And it’s these same folks with their ‘thumbs on the scale’-namely REBNY and John Banks whose greed and short-sightedness allow them to squeeze out the more than 64% immigrant owners of Mom and Pop small businesses that give our neighborhoods their character, charm and convenience. These are the folks that keep people employed…people who live here -our friends, families and neighbors-yes these are the real ‘job creators’.

    While it’s no surprise that white collar welfare has never met an ‘opportunity” it doesn’t exploit, New Yorkers do not accept that our paid employees-the City Council Members-are evading their responsibilities. We will not sit idly by and allow REBNY-the SBS and the landlord run BIDs to steamroll over our city with usurious schemes to evict, overcharge and harass vulnerable store & business owners.

    What Speaker Johnson, who talks a good game has yet to realize, is that he is fooling no one…and while he continues to stall on putting the SBJSA Bill on the floor for a vote, he is beginning to be perceived just like that other ‘progressive’ hypocrite -the pontificating Mayor-as an inept steward of real hands-on values and justice.

    New Yorkers are waiting for Speaker Johnson to step up to this moral imperative and we are closely watching.

  6. One hundred percent correct: om & pop stores, jobs-providing manufacturers struggling to afford industrial spaces, and working artists all desperately need the SBJSA. And believe it or not, saving hundreds if not thousands of NYC jobs can be done WITHOUT billions of taxpayer dollars going to the richest man in the world: just give commercial renters in NYC a shot at lease fairness, and the real NYC economy, the one that bubbles along at a community level, will have a chance to thrive.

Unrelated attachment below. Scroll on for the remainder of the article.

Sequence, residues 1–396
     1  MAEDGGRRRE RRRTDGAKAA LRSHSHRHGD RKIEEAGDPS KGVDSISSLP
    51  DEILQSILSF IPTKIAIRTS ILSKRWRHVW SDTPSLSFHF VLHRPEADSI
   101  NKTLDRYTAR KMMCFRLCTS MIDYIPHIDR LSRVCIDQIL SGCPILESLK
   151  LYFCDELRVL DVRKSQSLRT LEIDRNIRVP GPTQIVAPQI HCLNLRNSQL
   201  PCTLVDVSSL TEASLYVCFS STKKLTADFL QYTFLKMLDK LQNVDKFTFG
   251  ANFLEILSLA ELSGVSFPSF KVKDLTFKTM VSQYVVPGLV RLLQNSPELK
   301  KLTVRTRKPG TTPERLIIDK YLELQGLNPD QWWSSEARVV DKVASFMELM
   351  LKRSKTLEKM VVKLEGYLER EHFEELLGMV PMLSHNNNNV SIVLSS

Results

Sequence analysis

7. Formula business zoning has been adopted to good effect from San Francisco to Jersey City and multiple points in between. It has been challenges in the courts in multiple jurisdictions and held a valid exercise of municipal zoning laws.

    In Jersey City, where it was adopted in 2015, the mayor says it has sparked a downtown renaissance where once vacant store fronts – held in inventory by landlords holding out for the high rents paid by chain businesses – are now occupied by local entrepreneurs and are thriving.